393. Tanabata Natsu Matsuri Obon Festivals 2013



P. Anne Winter writes:


In Toronto we are fortunate to have at least two very different celebrations of these combined festivals. One is sponsored by the Japanese Canadian Cultural Centre, the other by the City of Toronto. I will write more on our city’s festival later as it’s not until the end of this month.


Natsu Matsuri and Obon are actually two events blended into one day and they are free.


copyright ©2013 P. Anne Winter

copyright ©2013 P. Anne Winter

At 3pm during Natsu Matsuri, you can munch heartily on summer treats such as octopus balls. A favourite of mine are the summer-light white somen noodles, served cold.



It is fun to check out the stalls for traditional Japanese gift items such as artifacts made out of hand-made Japanese paper or washi. To celebrate the JCCC’s 50th anniversary and for your prosperity, you can leave your thumb print on a large painting of a cherry tree. Don’t miss the steady flow of performances on the outdoor stage. One never knows what may be shown next.


Last but not least you can have fun watching the children in the special games area where they can retrieve fish with magnetic hooks, read books, and smash watermelons. Parents may want to bring a towel or two!


This year, games from the Tanabata festival will be part of Natsu Matsuri for the first time. One activity will be a huge paper tree where you can place your secret wishes. You can join with me in finding out more about the Tanabata segment. I am very excited to finally learn about it.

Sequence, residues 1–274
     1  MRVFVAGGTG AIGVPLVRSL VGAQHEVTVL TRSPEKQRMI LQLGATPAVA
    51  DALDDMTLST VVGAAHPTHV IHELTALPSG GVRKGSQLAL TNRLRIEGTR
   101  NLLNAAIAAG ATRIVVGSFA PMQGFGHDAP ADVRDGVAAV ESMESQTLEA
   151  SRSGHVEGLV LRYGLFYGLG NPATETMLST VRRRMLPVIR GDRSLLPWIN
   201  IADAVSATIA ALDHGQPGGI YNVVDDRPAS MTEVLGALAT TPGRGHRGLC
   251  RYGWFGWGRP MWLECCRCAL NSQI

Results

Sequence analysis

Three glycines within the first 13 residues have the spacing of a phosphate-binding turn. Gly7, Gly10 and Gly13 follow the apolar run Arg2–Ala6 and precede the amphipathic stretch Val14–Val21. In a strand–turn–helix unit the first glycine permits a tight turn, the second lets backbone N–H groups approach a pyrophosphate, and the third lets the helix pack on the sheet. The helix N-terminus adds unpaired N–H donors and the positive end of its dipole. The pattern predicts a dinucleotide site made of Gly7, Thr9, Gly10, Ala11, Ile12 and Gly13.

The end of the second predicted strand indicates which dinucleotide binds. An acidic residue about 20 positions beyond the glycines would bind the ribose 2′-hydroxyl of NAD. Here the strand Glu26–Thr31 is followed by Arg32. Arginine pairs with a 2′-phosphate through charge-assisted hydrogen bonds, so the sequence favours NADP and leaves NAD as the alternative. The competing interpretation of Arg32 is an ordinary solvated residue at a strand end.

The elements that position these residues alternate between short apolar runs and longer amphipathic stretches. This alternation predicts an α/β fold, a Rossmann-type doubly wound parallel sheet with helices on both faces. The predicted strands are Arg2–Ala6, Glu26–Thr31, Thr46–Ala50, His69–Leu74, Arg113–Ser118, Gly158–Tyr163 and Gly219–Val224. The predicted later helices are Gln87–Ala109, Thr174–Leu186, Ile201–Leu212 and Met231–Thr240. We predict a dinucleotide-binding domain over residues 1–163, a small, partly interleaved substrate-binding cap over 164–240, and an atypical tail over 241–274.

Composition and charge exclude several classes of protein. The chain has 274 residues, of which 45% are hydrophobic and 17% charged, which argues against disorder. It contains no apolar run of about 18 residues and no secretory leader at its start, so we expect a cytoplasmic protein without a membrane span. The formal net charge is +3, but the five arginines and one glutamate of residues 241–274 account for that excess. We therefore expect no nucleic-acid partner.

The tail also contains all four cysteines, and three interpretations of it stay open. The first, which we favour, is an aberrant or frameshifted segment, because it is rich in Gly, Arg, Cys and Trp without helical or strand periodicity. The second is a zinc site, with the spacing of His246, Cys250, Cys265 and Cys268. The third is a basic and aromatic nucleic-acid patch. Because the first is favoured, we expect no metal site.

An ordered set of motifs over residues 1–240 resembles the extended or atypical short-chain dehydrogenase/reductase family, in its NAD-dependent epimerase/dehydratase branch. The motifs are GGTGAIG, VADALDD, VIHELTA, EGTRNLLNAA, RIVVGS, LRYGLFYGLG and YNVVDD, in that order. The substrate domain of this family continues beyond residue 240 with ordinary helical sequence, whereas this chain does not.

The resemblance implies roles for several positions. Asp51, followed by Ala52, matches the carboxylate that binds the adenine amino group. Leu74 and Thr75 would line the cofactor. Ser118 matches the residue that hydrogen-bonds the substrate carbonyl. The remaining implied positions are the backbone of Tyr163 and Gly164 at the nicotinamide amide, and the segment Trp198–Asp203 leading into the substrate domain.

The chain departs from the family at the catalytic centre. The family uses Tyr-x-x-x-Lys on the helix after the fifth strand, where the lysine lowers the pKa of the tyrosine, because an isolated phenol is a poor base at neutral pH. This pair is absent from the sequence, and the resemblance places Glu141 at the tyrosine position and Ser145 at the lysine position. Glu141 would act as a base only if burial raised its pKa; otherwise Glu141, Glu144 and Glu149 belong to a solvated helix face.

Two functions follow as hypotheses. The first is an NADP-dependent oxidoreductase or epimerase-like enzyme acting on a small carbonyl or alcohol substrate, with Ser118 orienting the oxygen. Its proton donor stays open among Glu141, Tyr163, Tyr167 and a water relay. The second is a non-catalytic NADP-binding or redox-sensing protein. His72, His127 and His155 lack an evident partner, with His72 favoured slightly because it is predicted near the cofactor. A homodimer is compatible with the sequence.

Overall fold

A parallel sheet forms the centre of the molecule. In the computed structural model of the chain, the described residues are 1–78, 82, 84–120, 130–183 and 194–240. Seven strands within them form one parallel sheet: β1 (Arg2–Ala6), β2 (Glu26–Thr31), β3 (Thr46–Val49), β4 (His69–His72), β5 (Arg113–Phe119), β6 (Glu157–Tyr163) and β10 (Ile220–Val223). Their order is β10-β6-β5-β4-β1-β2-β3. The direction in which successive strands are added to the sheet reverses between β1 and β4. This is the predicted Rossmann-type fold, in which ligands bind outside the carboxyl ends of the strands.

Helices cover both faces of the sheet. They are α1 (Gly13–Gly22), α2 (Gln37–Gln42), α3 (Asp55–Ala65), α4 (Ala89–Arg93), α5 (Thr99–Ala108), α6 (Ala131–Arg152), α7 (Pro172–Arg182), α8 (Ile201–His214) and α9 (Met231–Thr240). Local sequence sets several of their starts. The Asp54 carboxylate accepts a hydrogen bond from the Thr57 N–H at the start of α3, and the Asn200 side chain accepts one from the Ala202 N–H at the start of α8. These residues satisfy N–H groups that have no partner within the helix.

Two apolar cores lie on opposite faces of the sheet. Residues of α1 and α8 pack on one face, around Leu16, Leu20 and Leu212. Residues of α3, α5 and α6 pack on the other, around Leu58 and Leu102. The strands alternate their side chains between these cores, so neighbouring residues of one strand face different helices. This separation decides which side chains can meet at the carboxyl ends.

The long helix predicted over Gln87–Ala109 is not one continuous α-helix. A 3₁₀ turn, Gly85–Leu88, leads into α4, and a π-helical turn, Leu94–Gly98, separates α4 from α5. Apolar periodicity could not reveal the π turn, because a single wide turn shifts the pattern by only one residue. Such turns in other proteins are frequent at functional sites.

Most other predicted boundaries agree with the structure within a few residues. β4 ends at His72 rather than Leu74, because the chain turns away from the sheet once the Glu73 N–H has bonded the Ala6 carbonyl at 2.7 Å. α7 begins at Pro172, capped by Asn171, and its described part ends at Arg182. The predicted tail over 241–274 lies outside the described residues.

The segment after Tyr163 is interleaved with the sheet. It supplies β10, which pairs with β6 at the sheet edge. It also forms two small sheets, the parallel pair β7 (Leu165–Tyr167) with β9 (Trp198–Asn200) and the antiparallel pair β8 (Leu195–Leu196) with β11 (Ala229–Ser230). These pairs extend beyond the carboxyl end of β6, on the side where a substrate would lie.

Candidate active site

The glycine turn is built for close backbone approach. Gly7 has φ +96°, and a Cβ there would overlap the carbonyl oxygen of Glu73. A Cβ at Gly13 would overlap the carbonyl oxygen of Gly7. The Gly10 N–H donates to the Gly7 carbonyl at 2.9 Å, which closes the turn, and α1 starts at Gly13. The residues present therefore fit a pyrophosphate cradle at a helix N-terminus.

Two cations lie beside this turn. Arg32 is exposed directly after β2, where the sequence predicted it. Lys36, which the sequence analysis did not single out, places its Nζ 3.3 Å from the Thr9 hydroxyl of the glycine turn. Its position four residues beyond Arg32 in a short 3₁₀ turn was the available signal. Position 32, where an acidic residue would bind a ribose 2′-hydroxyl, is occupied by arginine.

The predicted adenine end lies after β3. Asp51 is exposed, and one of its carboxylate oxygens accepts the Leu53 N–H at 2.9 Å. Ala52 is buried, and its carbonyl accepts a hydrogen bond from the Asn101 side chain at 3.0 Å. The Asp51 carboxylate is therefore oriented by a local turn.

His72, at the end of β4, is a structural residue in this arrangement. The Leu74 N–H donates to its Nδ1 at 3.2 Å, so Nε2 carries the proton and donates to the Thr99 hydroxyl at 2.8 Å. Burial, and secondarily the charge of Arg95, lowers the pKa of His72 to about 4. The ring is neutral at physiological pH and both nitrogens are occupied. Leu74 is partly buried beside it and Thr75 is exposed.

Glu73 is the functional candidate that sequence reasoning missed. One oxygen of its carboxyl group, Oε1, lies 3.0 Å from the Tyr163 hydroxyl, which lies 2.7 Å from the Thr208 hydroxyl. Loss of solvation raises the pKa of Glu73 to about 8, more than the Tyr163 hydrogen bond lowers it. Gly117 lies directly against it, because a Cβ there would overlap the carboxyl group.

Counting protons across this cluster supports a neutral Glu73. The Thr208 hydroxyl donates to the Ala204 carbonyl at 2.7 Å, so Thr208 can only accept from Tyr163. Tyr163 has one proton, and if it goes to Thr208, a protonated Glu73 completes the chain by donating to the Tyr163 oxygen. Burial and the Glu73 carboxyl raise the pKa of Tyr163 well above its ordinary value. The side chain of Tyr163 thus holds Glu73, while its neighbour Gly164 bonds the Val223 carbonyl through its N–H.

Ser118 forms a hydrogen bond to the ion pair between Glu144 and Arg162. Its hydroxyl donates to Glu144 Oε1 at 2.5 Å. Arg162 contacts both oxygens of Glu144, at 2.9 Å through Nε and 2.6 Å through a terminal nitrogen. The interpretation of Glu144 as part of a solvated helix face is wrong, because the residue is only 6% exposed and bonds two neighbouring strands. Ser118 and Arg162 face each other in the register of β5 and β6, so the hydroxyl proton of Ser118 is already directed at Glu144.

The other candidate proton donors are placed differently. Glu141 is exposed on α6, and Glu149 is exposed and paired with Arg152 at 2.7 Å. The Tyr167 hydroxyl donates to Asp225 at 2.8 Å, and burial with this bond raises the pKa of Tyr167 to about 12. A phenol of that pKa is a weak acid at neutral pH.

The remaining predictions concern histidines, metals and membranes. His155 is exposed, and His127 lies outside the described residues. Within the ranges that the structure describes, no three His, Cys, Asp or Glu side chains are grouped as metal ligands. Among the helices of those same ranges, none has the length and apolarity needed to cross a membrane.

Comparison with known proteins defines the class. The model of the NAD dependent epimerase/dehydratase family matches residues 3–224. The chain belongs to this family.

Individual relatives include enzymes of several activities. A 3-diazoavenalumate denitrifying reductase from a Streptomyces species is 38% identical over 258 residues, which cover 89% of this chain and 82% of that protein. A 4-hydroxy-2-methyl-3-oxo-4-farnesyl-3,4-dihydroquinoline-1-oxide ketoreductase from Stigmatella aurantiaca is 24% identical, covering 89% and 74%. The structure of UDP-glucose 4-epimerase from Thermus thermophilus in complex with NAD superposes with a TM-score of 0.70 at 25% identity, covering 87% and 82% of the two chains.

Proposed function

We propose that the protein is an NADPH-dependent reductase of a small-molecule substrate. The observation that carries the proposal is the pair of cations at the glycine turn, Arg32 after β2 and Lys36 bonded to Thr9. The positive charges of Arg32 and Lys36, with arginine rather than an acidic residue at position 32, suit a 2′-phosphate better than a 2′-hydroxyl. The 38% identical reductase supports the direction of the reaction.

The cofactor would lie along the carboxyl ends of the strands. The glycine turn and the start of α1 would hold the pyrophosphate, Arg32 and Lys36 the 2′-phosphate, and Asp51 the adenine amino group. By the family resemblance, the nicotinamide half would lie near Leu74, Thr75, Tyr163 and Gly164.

Copyright ©2013 P. Anne Winter

Copyright ©2013 P. Anne Winter

At 7pm, be prepared for a very different kind of excitement with the Obon. Outside, over one hundred dancers in yukatas or cotton kimonos slowly parade onto the dancing area, the parking lot now cleared. For the next few moments, believers will offer special prayers to the gods. They are welcoming their ancestors who are returning for this Buddhist celebration. Then there is a parade of formal and informally yukata-clad dancers. You will hear powerful drumming and be encouraged to participate in the dancing. You can be young, old, experienced, or a beginner. Just follow the slow movements of the people around you.


Don’t worry if it rains. The Centre has a huge hall where the performances and dancing could continue as usual. I have always found the weather very hot and perfect for outdoor dancing.  Fortunately you can repeat this memorable experience every year.


This combined festival will be at the JCCC on July 13. For details, see www.TorontoMulticulturalCalendar.com.


Please let us know about what others can expect at festivals in your ancestral culture. Write us at: ruthlormalloy@gmail.com.


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